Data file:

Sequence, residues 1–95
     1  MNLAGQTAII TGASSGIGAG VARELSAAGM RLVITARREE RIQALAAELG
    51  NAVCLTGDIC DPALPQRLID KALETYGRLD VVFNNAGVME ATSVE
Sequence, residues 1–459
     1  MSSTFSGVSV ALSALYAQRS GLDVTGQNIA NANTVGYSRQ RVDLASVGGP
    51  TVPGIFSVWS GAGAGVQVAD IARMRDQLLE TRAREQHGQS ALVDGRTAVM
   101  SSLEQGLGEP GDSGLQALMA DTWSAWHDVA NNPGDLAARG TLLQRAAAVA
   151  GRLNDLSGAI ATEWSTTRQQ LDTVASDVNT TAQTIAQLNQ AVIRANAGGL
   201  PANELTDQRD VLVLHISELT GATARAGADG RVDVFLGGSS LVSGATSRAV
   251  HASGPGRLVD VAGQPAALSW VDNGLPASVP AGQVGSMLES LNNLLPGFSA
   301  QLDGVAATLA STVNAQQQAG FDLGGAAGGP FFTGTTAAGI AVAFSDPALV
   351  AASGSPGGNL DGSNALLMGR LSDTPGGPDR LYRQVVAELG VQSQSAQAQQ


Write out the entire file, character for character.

Sequence, residues 1–95
     1  MNLAGQTAII TGASSGIGAG VARELSAAGM RLVITARREE RIQALAAELG
    51  NAVCLTGDIC DPALPQRLID KALETYGRLD VVFNNAGVME ATSVE
Sequence, residues 1–459
     1  MSSTFSGVSV ALSALYAQRS GLDVTGQNIA NANTVGYSRQ RVDLASVGGP
    51  TVPGIFSVWS GAGAGVQVAD IARMRDQLLE TRAREQHGQS ALVDGRTAVM
   101  SSLEQGLGEP GDSGLQALMA DTWSAWHDVA NNPGDLAARG TLLQRAAAVA
   151  GRLNDLSGAI ATEWSTTRQQ LDTVASDVNT TAQTIAQLNQ AVIRANAGGL
   201  PANELTDQRD VLVLHISELT GATARAGADG RVDVFLGGSS LVSGATSRAV
   251  HASGPGRLVD VAGQPAALSW VDNGLPASVP AGQVGSMLES LNNLLPGFSA
   301  QLDGVAATLA STVNAQQQAG FDLGGAAGGP FFTGTTAAGI AVAFSDPALV
   351  AASGSPGGNL DGSNALLMGR LSDTPGGPDR LYRQVVAELG VQSQSAQAQQ